Nimrodian aspirations

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Nimrodian aspirations is the term used to denote an endeavor of materialistic philosophies to unite all society, nations, and/or humankind under one universal power in order to rebel against God and escape His just judgements. Nimrodian aspirations are characterized by efforts for unification, formalism, and regimental restriction and sacrificing of personal freedom of individuals in the name of common public interest and welfare. Nimrodian aspirations take place in the societies governed by partisans of totalitarian ideologies. They were i.a. discernable in the Nazi Germany where in the interest of future and unity of the so-called Third Reich state authorities deprived individuals of their fundamental rights and were trampling even on the most sacred human values.[1]

Historical background

According to biblical book of Genesis (Gen. 10:8-10), Nimrod was the great grandson of Noah and “a mighty warrior on the earth,” “a mighty hunter before the LORD.” Among the first centers of his kingdom was Babylon, a city that later became a symbol of power rebellious against God. Therein, the descendants of the Great Flood survivors according to account in Genesis 11, decided to start building the Tower of Babel, "whose top may reach unto heaven."

The Symbolic Significance

Building the Tower of Babel had also a deeper meaning: Man living in a state of estrangement from God feels anxious and insecure, and looks for security. By means of erecting huge tower he aims to secure his future, escape and prevent God’s judgement, and accomplish his own fame (cf. “so that we may make a name for ourselves”). Because he fell off from his natural place in God’s presence and emancipated himself from God, he strives for some replacement, the new focus of his attention. And Babylonian managed to find it: It is the man himself. Symbolically, people of Babylonia get trapped by self-adoration, self-deification and idolatrous worship of creation instead of Creator. Egocentric “Babylonians” attempt to save themselves by own effort and to ensure their future with regard to their enemies by their own power, that’s why they constantly have to rely on their own weaponry and are condemned to engage in permanent arms race. In the last resort, their ultimate goal is the denial of God, getting rid of Him including His values and guidelines for created order, and the proclamation of self-sovereignty based on new set of values incompatible with creation thus necessarily leading over and over to catastrophic failures. In the history of humankind, the “Tower of Babel,” symbolically representing the utopian efforts to establish a permanent society without God, has never been completed.

The basic characteristics of Nimrodian aspirations

• Confusion • Self-centeredness: self-adoration, self-obsession, self-deification • Far-fetched unification • Arms drive • Mistrust towards the allies • Subject to principle in which one predator (totalitarian ruler, interest group or society) is to be knocked down by another

Active rebellion against biblical God

The biblical God is a chief rival of modern-day nimrodians. Christian belief, by subjecting all men to divine authority and by asserting in the words "My Kingdom is not of this world" that the ideal society does not exist in this life, is the most coherent and potent obstacle to secular utopianism. The Bible angers and frustrates those who believe that the pursuit of a perfect society justifies the quest for absolute power. The safeguards against the worship of human power, and the ultimate defence against the utopian's belief that ends justify means and that morality is relative, are the concepts of sin, of authority, of conscience, of eternal life and divine justice under an unalterable law. The alliance between political utopianism and the new cult of the unrestrained self, unleashed into the Western world by Freud and Reich, Kinsey and Marcuse, is promoted by the self-pitying anthems of rock music and encouraged by the enormous power of 'progressive' education in which so many social, sexual, and cultural revolutionaries work.[2]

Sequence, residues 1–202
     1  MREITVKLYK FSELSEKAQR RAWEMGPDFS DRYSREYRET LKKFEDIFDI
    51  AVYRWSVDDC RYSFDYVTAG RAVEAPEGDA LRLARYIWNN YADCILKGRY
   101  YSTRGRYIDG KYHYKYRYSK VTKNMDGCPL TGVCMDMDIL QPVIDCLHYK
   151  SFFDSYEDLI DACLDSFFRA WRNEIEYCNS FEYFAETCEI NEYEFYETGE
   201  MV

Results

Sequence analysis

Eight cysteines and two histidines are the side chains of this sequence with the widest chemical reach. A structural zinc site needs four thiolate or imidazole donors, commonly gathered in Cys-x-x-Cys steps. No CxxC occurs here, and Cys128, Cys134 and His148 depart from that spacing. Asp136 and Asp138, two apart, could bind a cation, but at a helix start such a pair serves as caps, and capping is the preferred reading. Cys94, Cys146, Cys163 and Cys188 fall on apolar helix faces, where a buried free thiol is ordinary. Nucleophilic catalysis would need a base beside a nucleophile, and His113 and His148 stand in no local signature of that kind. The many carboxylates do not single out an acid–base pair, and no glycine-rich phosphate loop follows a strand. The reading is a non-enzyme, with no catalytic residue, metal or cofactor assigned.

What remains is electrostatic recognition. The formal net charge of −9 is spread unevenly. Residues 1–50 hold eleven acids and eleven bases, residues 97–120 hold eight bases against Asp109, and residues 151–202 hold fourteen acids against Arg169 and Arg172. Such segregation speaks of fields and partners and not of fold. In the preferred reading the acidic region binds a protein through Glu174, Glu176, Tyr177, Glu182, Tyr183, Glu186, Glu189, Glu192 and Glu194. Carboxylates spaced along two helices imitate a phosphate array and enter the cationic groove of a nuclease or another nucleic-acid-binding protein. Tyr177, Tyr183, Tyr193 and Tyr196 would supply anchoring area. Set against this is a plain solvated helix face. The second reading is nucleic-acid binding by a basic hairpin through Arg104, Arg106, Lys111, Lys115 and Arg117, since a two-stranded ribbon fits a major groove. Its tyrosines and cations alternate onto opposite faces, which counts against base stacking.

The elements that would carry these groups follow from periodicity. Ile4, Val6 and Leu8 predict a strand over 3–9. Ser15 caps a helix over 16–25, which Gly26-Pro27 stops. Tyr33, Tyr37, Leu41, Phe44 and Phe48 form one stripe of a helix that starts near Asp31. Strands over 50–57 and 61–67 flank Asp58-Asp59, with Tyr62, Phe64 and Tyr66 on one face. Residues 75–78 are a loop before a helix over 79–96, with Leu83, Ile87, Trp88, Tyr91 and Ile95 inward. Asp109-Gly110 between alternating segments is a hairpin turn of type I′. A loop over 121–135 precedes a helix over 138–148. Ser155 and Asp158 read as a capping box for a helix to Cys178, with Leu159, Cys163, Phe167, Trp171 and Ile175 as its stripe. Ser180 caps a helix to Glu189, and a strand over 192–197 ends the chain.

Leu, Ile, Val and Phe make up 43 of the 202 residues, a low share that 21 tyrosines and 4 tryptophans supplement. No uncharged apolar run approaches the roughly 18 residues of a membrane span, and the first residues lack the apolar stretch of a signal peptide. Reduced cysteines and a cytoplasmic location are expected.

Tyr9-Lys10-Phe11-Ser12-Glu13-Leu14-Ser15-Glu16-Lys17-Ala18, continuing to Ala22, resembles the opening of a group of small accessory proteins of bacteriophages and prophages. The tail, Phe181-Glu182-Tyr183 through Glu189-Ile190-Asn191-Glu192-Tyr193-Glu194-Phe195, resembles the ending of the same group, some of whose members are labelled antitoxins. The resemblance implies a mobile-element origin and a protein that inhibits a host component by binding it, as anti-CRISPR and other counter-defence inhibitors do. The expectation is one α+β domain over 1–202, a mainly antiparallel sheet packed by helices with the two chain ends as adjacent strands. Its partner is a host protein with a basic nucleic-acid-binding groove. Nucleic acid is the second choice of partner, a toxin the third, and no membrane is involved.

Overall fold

Nimrodian Consequences

The sheer ruthlessness of post-Christian social idealism arises from the very same concept of freedom that we are at liberty to make ourselves, without divine standard to which the uses of freedom are bound, what we wish to be. The ambition to refashion humanity in its very essence — social, political, economic, moral, psychological — was inconceivable when human beings were regarded as creatures of God. But with disappearance of God's authority, it becomes possible to will a human future conformed to whatever ideals we choose to embrace. All the grand utopian projects of the modern age that have directly or indirectly spilled oceans of human blood — the savagery of triumphant Jacobinism, the clinical heartlessness of socialist eugenics, the Nazi movement, Stalinism — were results of nimrodian "Enlightenment" myth of liberation leading also to the vulgarity of late capitalist consumerism and the pettiness of bourgeois individualism. The most pitilessly and self-righteously violent regimes of modern history have been those that have most explicitly cast off the Christian vision of reality and sought to replace it with a more "human" set of values.[3]

See also

References

  1. Jozef Ondrej Markuš (2001). Prorok Daniel (in Slovak). Matica slovenská, 39–48. ISBN 80-7090-600-6. 
  2. Peter Hitchens (2010). "9.", The Rage Against God. www.continuumbooks.com, 98–9. ISBN 978-1441-10572-1. 
  3. David Bentley Hart (2009). Atheist Delusions: The Christian Revolution and Its Fashionable Enemies, 107. ISBN 978-0-300-16429-9.